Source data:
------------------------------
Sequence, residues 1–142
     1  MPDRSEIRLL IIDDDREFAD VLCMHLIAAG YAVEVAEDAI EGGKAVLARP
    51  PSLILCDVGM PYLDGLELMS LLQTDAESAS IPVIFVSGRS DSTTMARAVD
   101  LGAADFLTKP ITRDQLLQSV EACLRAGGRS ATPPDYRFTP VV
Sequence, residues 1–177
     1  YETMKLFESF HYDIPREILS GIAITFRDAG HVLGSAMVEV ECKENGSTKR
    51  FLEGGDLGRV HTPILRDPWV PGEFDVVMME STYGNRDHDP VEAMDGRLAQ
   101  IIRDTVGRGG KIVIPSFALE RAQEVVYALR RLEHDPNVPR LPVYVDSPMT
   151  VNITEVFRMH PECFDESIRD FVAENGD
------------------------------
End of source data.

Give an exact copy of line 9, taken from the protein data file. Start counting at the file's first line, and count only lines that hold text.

   151  VNITEVFRMH PECFDESIRD FVAENGD